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In eleven of those countries, the increase could cause problems in the autumn when season flu will also hit. Around 20,000 new cases and 700 deaths are being recorded daily. Regional Director Dr Hans Henri Kluge told a virtual news conference: “For weeks, I have spoken about the risk of resurgence as countries adjust measures.
“In several countries across Europe, this risk has now become a reality – 30 countries have seen increases in new cumulative cases over the past two weeks.
“In 11 of these countries, accelerated transmission has led to very significant resurgence that if left unchecked will push health systems to the brink once again.”
Armenia, Sweden, Moldova, North Macedonia, Azerbaijan, Kazakhstan, Albania, Bosnia-Herzegovina, Kyrgyzstan, Ukraine and Kosovo have been identified as those nations.
Dr Kluge praised Poland, Germany, Spain and Israel for their responses to outbreaks.
He said WHO anticipated infections would ease over the rest of the summer.
Though, he added: “But we have indeed to prepare for the fall, when Covid-19 may meet seasonal influenza, pneumonia, other diseases as well, because ultimately the virus is still actively circulating in our communities and there is no effective treatment, no effective vaccine, yet.”
Germany and France, meanwhile have pledged to increase funding to WHO.
Jens Spahn, German Health Minister announced his country planned to give a further £451million this year.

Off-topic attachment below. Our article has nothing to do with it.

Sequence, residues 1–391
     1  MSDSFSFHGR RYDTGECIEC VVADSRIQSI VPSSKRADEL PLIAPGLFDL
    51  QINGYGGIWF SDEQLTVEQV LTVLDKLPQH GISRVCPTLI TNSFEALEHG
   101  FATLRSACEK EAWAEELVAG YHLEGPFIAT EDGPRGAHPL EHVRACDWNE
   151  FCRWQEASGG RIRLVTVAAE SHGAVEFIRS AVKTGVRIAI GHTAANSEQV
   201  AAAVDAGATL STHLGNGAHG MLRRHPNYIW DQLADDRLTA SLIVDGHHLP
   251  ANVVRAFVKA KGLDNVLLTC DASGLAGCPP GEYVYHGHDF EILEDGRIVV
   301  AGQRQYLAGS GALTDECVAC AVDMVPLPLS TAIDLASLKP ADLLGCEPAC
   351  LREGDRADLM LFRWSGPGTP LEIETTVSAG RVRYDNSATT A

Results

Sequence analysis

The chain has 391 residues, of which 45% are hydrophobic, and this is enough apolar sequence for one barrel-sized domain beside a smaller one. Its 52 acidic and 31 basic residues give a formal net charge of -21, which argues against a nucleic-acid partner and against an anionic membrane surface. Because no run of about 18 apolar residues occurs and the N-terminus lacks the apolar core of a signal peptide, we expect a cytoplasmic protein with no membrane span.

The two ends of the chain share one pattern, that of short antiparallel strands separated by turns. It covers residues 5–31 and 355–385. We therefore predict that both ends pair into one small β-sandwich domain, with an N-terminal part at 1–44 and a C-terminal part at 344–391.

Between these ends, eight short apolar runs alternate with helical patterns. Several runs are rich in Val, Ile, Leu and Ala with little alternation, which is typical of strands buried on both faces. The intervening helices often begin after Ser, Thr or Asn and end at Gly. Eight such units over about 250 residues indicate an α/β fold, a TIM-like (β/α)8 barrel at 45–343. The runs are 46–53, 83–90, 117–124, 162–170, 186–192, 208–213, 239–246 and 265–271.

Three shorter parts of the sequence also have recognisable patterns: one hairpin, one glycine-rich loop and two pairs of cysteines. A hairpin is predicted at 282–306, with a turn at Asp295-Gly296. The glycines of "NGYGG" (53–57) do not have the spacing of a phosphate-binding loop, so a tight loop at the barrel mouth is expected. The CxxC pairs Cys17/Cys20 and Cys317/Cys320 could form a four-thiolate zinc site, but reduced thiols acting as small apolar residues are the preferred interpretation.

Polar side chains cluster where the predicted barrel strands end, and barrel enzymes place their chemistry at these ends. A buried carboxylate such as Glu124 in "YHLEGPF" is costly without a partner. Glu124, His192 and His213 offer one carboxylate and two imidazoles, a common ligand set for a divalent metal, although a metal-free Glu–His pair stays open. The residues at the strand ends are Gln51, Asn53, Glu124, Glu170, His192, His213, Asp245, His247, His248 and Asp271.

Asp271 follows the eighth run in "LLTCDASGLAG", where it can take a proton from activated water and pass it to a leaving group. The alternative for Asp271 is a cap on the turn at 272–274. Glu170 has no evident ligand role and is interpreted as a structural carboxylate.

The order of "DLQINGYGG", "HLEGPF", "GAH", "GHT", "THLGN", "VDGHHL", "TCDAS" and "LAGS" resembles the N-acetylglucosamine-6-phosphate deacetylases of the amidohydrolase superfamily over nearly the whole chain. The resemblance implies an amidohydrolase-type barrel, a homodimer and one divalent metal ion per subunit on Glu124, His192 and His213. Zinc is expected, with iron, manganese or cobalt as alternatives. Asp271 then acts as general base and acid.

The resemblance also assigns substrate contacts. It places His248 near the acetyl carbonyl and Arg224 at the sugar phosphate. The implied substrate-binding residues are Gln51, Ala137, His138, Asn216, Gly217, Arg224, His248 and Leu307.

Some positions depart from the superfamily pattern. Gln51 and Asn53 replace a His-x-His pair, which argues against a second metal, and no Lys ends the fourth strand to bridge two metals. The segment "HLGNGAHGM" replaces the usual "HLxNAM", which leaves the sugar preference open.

Mr Spahn called for a coordinated response to the crisis: “Isolated national answers to international problems are doomed to fail.”
At the time of writing, Germany has had around 194,000 confirmed cases with 9,011 deaths.
Christian Drosten, Director of the Institute of Virology at the Charité Hospital in Berlin, told the NDR podcast he was fearful of a second wave.
He explained: “I am not optimistic that in a month’s time we will still have such a peaceful situation as we have now in terms of epidemic activity.
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“In two months, I think we’re going to have a problem if we don’t turn on all the alarm sensors again now.”
Parts of Germany have reentered lockdown such as Gutersloh in the northwest.
Olivier Veran, French Minister for Solidarity and Health has pledged €50million (£45.2million) in direct funding with an additional €90million (£81.2million) for its Lyon research centre
Mr Veran said: “I truly believe the world needs, more than ever, a multilateral organisation. I believe the world cannot get rid of partners.”
France has at the time of writing, had 161,000 confirmed cases and 29,752 deaths.
The nation’s top scientific advisors have warned a second wave could be deadlier than the first.
On Sunday, the government scientific council said: “An intensification of the spread of SARS-Cov-2 in the northern hemisphere, in the more or less distant future (around a few months, and especially as winter approaches), is extremely likely.”
France has the fifth highest death toll in the world.
But as the casualties have fallen from the peaks of March and April, the nation has been able to begin to reopen.
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